I first met Barbara O’Neal at the Writer’s Unconference last November, shortly after her latest novel came out. On Christmas Eve, while browsing at Island Books, I overheard someone asking for this book by both name and author. “We’re sold out, unfortunately,” the bookseller replied—a good news/bad news dilemma I hope to face someday.
When I finally got my hands on a copy, I discovered that this Colorado native has produced an excellent example of #coastalfiction! I’ll publish an interview with her in a few weeks, but for now here’s a quick review of her latest book.
Mermaids starts off with a gripping first sentence: “My sister has been dead for nearly fifteen years when I see her on the evening news.” The narrator, Kit, is an ER doc in Santa Cruz, up late after another stressful shift; this added shock sends her right to her favorite recovery spot, a nearby surfing beach. Instead of recounting what she drives by along the way, Kit instead takes us back in time to replay a few key memories about her family. So by the time we meet her mother for a post-surf breakfast, we understand the coolness of their relationship. We also understand (and sympathize with) her mother’s reaction when Kit asks, at the close of the first chapter, “What if she’s really alive?”
The mom replies: “I guess I’m going to have to kill her.”
This of course demands that we turn the page to find out what happens next. But just when we’re feeling intrigued but grounded in Kit’s world, the second chapter drops us into Auckland and a totally different first-person point of view. O’Neal trusts her reader to figure out that this new narrator must be the mysterious “dead” sister—who’s very much alive to her lovely husband and the historic hillside house he’s just bought for her, as a surprise.
Twelve pages in, I was already absolutely certain that these two sisters would meet and reconcile. What I didn’t yet know is what drove them apart in the first place—so I kept reading, partly to understand their scars, and partly because I just enjoyed spending time with each of them.
We are all advised to “write what you know,” but this mountain-based author has captured a world that fits right into the #coastalfiction genre. We feel in our bones the sisters’ joy of wave-riding, and see the mesmerizing changes in both ocean and sky as a storm approaches. Neither narrator can sleep away from the ocean, and even their mother requires a water view to feel safe.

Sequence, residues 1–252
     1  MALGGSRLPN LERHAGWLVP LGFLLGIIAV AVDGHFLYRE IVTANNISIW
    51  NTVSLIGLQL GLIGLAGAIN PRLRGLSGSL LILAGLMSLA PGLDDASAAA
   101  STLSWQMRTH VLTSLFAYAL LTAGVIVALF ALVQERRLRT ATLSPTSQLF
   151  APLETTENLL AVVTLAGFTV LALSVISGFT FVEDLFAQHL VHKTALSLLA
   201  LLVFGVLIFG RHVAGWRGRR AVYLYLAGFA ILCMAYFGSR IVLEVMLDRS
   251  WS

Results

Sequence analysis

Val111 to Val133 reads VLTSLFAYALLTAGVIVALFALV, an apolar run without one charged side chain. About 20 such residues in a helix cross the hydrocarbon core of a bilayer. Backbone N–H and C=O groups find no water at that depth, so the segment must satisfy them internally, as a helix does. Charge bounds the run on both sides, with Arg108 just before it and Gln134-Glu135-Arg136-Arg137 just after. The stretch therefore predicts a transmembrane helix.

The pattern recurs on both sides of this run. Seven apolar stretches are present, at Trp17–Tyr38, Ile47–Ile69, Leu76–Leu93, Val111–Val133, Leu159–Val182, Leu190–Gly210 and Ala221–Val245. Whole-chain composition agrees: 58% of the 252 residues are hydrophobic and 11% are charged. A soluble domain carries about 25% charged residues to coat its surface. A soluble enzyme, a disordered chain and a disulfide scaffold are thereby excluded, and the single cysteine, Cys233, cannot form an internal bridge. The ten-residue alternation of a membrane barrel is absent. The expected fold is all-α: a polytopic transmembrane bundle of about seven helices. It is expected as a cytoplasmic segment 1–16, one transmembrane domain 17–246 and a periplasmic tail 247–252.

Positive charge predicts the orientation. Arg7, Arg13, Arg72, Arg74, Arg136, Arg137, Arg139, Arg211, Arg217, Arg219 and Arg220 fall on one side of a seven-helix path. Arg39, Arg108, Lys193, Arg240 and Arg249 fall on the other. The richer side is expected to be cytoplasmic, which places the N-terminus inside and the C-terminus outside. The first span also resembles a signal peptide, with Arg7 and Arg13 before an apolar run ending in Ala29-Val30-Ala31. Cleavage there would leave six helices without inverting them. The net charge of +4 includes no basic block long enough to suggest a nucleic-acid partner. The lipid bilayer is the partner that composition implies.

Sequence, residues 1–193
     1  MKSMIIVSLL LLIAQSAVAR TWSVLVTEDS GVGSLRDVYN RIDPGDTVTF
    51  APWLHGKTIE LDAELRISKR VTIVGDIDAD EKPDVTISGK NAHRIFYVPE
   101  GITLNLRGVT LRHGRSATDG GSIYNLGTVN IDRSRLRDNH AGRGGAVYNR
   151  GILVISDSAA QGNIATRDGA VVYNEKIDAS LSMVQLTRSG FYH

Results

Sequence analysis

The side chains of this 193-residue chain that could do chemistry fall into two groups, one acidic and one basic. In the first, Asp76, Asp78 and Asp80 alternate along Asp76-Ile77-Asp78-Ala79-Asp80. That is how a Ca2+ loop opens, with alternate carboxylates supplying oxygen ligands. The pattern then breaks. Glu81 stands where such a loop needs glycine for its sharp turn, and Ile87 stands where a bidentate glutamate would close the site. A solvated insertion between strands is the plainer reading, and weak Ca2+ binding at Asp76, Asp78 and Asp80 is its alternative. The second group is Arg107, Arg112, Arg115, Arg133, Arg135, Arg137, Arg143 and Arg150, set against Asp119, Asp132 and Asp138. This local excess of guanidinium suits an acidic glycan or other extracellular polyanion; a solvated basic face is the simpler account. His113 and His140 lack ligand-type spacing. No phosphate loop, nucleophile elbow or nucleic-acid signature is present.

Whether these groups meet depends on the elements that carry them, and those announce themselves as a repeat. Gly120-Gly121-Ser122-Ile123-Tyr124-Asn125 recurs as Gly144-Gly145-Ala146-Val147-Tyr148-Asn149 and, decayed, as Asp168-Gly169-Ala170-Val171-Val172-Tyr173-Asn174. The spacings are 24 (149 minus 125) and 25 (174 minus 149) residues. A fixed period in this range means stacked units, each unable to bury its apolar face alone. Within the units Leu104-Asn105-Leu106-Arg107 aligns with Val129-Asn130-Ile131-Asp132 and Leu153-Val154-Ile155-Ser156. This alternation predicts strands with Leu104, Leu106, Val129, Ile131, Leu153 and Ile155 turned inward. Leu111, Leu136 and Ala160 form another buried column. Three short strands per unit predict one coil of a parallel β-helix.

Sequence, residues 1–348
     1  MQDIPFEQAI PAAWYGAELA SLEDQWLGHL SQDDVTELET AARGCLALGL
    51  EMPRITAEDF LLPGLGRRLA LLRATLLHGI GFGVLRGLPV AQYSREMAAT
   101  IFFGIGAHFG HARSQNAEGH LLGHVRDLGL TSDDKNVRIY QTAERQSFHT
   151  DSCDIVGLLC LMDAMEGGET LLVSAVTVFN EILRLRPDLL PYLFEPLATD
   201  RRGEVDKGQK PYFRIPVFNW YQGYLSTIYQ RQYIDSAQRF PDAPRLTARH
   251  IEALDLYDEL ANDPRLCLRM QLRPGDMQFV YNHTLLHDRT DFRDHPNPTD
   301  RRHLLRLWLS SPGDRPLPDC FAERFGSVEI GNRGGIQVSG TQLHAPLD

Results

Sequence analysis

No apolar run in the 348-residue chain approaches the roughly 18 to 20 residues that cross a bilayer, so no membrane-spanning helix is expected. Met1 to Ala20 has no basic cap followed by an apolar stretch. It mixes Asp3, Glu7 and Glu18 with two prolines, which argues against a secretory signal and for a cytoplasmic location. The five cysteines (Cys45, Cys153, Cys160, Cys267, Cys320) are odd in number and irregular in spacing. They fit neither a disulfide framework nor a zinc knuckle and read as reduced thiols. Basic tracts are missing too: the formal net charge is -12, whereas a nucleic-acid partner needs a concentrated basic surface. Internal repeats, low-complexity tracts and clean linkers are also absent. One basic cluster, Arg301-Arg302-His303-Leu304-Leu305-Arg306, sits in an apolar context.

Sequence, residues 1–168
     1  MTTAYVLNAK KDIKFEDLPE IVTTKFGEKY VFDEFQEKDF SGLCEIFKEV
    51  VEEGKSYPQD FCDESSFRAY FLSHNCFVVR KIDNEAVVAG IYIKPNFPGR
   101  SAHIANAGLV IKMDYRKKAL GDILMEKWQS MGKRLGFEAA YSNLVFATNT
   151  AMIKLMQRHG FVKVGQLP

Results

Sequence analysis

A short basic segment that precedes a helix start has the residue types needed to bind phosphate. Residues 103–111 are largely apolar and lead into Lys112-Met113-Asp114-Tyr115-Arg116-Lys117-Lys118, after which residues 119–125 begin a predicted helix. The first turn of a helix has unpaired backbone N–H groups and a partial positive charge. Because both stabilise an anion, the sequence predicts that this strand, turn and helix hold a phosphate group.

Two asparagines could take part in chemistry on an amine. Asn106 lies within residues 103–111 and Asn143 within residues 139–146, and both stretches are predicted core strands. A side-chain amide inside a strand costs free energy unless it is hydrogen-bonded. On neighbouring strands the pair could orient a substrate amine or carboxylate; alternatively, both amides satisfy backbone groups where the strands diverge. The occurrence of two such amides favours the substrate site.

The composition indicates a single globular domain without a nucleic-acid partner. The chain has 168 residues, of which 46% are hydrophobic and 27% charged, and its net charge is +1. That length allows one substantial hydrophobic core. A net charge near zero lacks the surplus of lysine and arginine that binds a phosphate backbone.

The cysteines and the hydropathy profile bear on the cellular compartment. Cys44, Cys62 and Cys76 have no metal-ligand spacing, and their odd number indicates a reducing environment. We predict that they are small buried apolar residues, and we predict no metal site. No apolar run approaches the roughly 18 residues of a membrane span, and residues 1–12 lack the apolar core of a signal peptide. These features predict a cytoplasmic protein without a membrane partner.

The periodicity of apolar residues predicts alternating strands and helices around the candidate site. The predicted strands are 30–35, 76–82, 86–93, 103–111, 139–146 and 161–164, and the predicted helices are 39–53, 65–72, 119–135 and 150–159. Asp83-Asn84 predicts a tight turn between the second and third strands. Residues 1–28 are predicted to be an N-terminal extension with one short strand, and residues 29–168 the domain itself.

O’Neal describes Auckland in a way that makes me want to go back there again, showing us both harbor ferry rides and the late-night bar scene. My only distraction was the constant use of “CBD,” which I kept reading as the cure-all derivative of hemp oil; thanks to Wikipedia, I now understand it is Auckland’s “Central Business District.”
While none of the characters is too perfect, the rosy expectations set by the back cover text (and cover’s beach scene) are definitely met by a happy (if somewhat predictable) ending. And, unlike many recent novels from multiple-book authors (perhaps accustomed to more rigorous editing from their publisher), the middle reads as smoothly as the opening chapter.
O’Neal has created characters who, while flawed, remind us of how to be good partners and siblings: listen well, and be prepared to change and forgive. She also points out the subtle ways we recognize people we haven’t seen for a long time: a distinctive walking style, seen across a street, can take us right back to childhood.
When We Believed in Mermaids is recommended for anyone who enjoys a deep dive into how memories continue to haunt and shape us. I’m looking forward to diving into O’Neal’s impressive list of previously published books, but first: have you read a novel recently that could be classified as #coastalfiction? Comment below, or send me an email. I read every (human) remark, so thanks for taking the time to share your thoughts.